I’d like to encourage you to take a minute to consider how you deal with “light”.
In our business world, life giving light can come from a variety of sources. Fellow employees may voice their thanks or approval. Customers we serve might acknowledge the benefit they’ve received. Partners we work alongside might show their appreciation for assistance. And with the advent of social networks, these light giving moments can arrive as “likes”, “downloads” and reuse of thoughts or ideas.
How do you deal with this light? And how do you impact the light others receive?
When you see someone’s work is being acknowledged, do you amplify it by adding your own approval and making sure your network is aware? When someone’s efforts have assisted you, do you make sure they know that you are aware of their efforts and thank them publicly? If so, you are casting light.
People who cast light are those that make sure their own accomplishments and recognition doesn’t get in the way of those around them. It’s not wrong for you to strive to work in such a way as to attract light. That is what is expected of you as a valued contributor and leader. So when you are put in the light…great! You deserve to be there. But just as hard as you work to be in the light, you should strive to make sure others are getting the light they deserve.
I’ve been and continue to be blessed by being around very smart and creative people. A day doesn’t go by that I’m not reminded that there are plenty of people around me that have knowledge I can benefit from learning or skills that can enhance our combined efforts. They comprehend numbers better. They have better contacts. They are more organized than me (not hard). They are better communicators. These people have gifts and aptitudes that surpass what I can do alone.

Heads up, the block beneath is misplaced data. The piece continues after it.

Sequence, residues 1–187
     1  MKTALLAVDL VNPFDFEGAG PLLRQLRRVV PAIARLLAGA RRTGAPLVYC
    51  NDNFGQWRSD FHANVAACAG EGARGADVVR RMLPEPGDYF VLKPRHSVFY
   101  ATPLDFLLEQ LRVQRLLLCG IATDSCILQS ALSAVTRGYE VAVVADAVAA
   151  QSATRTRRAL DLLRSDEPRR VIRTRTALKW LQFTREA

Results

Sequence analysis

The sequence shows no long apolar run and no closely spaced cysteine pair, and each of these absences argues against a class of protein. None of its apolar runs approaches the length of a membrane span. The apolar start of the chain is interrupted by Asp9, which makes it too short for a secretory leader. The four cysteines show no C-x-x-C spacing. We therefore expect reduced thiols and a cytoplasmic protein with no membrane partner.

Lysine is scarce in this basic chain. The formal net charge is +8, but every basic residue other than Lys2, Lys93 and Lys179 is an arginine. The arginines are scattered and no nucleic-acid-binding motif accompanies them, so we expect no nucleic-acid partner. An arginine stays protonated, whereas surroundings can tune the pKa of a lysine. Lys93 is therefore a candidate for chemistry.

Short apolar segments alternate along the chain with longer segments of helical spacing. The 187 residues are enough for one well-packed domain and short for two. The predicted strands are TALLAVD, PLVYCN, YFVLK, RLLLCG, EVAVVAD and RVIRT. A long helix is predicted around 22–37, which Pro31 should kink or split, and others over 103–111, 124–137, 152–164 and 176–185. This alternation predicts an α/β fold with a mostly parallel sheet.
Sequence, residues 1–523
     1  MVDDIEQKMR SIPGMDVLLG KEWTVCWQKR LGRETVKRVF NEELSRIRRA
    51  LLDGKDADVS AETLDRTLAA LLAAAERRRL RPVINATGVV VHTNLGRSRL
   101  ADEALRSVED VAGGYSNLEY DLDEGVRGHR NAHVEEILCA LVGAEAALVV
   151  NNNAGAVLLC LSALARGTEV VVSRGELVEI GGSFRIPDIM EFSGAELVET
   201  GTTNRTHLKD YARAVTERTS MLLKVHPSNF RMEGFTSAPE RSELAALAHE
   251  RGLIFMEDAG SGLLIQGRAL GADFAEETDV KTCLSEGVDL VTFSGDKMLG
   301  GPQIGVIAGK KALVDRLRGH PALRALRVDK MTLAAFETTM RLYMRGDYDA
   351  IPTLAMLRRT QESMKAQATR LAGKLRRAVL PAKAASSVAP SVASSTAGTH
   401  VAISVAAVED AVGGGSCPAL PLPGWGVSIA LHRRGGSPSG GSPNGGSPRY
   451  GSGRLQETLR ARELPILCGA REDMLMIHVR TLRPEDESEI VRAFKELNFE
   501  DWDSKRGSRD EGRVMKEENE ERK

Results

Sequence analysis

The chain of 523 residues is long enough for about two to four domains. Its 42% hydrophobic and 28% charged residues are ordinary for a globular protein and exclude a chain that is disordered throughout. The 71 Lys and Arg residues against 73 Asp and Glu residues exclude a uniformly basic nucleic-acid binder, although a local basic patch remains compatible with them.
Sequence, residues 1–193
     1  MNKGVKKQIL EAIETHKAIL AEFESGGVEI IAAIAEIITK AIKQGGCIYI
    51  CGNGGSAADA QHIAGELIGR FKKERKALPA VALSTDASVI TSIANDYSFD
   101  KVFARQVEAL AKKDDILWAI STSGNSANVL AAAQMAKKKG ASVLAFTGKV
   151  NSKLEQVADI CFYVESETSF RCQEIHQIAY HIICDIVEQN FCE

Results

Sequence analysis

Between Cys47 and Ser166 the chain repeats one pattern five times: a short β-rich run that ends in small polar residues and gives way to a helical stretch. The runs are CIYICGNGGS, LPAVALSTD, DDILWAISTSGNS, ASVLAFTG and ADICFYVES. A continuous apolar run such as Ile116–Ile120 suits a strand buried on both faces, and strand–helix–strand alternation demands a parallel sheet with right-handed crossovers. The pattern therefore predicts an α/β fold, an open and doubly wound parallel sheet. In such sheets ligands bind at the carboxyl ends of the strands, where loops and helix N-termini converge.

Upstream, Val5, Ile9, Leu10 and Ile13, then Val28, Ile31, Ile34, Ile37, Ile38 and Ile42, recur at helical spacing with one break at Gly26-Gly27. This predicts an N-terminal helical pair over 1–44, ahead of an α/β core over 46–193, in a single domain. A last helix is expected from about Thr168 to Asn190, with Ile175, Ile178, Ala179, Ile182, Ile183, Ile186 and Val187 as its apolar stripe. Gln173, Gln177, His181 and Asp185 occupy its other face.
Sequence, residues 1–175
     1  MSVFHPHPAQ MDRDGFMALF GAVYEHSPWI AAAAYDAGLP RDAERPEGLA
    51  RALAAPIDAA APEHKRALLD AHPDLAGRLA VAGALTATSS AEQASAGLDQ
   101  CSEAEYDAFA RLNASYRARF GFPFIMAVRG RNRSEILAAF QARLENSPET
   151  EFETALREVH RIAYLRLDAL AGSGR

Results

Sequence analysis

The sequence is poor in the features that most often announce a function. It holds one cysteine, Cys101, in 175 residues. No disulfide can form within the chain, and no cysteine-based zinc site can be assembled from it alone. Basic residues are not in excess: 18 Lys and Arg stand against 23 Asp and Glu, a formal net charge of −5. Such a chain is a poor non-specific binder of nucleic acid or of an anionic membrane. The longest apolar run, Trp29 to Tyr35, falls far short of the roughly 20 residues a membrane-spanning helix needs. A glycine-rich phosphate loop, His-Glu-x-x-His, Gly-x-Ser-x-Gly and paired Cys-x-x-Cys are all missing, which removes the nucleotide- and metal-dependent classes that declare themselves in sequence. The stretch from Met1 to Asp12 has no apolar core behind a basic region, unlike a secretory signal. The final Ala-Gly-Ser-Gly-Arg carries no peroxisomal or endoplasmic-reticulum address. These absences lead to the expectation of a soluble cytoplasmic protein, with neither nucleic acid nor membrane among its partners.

Recent studies have shown how much individuals value “being appreciated”. At IBM we have an annual award that is given to those who make significant contributions. In the past, I suppose the recipients were notified via email and maybe their manager would let their peers know about the recognition. Our new CEO, Ginni Rometty practiced a light casting approach. Using our internal social network, she posted a personal message on each recipient’s profile board…where everyone could see. I’m sure if you asked the individuals involved, they would tell you how much that meant. Light has a warming effect.
IBM also practices casting light through a program called “Blue Thanks”. With a single click, we can call out someone for their contribution. The “thanks” is automatically sent to the recipient and their manager. More importantly, programs like this help remind us to cast light. Light can spread.
I’m not a fan of undeserved praise, so I’m not suggesting that you just go around “spreading sunshine”. But I’ll wager that if you took a minute, you could think of a handful of people who probably could use a little light shed on their work and contributions. Find a way to do that. Be creative. Surprise someone.
And if you are someone who is always in the light…check out your shadow. There are no doubt a number of people who have helped you get into the light you are enjoying. Share the light with them. Show sincere appreciation for their work. Put them in front of you when you can. And you’ll both benefit from the experience.
And if you’re someone who doesn’t care about those in your shadow, you probably aren’t reading this anyway.